I did not accumulate the most impressive GPA during undergraduate school, but I was still fairly competitive. When it came to the animal science courses specifically, I will be honest, I was pretty cutthroat. I was one of those cringy students that would argue for every extra point I could get, because I was determined to get into veterinary school. However, once I got in, I realized that they had handpicked a lot of students who were at the top of their class. And as Syndrome from Mr. Incredible says “when everyone is super, no one is.”
I had to get used to a few C’s REAL QUICK. For the longest time, I felt too guilty to go to the gym, to cook a real meal, to watch a movie or to get a full night’s sleep because I should be studying instead, right? It took me months to be able to wrap my brain around the fact that my grade does not directly correlate to how good of a veterinarian I will be. And (because I’m not pursuing a specialty), it is unlikely that anyone will ever ask what my GPA from veterinary school was. Once I had this epiphany, my blood pressure dropped substantially back to baseline.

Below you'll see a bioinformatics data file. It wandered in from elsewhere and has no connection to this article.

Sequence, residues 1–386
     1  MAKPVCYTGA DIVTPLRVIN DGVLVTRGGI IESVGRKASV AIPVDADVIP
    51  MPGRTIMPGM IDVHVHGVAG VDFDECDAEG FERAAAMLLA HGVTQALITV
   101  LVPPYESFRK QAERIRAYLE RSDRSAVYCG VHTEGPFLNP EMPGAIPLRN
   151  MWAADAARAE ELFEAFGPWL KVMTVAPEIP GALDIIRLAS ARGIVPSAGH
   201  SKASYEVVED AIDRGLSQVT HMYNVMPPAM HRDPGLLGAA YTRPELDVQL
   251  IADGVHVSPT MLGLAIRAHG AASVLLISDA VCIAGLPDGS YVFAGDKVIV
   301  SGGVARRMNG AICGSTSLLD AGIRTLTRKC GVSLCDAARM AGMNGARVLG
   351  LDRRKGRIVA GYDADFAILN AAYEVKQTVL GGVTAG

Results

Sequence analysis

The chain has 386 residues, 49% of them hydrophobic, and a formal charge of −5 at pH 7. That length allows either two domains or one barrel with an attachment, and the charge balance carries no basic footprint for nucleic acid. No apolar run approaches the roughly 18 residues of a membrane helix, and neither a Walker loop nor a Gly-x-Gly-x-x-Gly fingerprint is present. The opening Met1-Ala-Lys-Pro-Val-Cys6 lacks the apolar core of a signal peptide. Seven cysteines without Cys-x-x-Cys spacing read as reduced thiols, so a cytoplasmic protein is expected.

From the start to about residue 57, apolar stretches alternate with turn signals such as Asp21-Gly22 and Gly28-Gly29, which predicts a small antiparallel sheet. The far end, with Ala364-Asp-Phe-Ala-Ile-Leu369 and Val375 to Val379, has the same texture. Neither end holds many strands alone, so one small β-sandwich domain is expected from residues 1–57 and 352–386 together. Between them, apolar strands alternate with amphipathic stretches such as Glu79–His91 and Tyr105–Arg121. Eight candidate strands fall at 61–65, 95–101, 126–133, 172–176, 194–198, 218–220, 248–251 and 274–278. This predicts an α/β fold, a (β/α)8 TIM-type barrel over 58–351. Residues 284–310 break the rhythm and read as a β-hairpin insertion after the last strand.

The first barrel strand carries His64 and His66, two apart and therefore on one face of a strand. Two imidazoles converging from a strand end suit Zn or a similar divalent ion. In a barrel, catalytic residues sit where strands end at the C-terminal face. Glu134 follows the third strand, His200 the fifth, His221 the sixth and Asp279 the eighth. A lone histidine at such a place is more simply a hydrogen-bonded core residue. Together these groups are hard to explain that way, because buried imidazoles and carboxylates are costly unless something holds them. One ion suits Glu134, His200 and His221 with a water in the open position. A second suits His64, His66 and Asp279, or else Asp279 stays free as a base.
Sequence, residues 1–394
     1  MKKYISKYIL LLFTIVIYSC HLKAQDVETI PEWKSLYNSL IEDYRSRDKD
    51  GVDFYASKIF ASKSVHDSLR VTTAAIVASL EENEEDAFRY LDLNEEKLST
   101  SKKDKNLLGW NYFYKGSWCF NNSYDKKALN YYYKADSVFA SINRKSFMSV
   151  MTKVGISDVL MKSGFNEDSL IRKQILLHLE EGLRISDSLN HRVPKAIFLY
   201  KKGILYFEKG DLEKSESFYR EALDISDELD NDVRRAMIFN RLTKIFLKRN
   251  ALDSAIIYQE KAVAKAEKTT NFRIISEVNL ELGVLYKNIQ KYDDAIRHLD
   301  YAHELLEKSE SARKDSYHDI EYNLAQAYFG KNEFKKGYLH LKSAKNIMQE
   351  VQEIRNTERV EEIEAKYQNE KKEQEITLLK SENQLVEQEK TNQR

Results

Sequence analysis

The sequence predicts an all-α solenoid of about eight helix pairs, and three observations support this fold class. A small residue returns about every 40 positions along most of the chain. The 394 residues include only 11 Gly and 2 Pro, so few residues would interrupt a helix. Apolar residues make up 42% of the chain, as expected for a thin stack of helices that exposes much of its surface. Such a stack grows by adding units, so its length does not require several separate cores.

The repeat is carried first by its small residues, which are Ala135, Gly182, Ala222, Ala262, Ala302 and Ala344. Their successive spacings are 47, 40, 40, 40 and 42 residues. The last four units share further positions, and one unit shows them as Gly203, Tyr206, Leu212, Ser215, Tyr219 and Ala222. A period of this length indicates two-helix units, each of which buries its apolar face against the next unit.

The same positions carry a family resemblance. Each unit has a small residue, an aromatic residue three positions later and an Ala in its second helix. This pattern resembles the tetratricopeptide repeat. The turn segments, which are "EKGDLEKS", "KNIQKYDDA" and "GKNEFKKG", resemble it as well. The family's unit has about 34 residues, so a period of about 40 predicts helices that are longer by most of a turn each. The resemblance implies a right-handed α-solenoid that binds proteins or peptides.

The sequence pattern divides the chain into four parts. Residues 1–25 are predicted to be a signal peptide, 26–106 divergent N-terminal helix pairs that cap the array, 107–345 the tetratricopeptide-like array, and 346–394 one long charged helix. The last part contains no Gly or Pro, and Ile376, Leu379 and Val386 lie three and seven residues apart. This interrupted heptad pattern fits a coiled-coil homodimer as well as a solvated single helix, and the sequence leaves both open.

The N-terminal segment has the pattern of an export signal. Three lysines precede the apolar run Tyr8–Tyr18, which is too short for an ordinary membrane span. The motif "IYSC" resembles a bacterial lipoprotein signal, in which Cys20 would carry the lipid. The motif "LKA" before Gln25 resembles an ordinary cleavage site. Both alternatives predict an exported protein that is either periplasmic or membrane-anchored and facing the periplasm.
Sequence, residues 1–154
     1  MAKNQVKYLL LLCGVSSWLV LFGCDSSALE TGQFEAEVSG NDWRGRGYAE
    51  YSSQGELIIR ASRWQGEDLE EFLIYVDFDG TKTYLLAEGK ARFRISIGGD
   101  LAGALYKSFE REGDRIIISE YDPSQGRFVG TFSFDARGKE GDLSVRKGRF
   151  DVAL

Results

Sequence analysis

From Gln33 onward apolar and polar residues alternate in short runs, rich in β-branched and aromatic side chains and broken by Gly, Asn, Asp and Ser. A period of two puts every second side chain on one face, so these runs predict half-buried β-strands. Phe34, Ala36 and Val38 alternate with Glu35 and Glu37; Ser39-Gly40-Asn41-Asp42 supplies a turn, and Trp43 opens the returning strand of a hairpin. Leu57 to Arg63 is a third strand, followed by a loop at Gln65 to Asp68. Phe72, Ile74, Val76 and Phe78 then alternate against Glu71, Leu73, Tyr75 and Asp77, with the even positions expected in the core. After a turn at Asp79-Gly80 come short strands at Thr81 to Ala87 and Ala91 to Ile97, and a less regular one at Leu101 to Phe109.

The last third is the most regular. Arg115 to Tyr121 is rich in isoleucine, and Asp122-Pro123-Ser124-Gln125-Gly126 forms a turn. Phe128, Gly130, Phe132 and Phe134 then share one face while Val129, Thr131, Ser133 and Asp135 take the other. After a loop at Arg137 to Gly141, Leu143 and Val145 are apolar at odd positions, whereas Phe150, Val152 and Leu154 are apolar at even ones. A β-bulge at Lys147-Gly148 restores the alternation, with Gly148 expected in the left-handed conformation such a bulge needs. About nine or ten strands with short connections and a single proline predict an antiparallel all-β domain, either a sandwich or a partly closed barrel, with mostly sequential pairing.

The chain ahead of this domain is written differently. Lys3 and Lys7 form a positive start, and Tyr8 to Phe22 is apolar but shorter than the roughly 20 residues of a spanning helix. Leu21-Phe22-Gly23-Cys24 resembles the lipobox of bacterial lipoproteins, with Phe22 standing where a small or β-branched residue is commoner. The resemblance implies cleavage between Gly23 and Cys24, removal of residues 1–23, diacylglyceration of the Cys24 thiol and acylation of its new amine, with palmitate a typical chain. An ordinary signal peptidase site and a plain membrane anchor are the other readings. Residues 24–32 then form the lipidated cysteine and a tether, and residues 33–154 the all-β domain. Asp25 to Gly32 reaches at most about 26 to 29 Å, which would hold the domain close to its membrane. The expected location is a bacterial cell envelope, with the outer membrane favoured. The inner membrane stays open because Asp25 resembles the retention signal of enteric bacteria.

Wellness discussions have become a hot topic in recent years in veterinary medicine. I mean, what is expected when Type A academically inclined students are selected and put through a rigorous four-year program then often sent out into the world where they are unlikely to be able to practice the level of medicine that they have been taught? It can be quite a stress-fest. This is something I wish I had prepared for as a pre-veterinary student. Looking back, I would have made it more of a priority to study for my future patients, not study for the grade. This switch in mentality as well as a few self-care practices have helped me substantially with my mental health through school.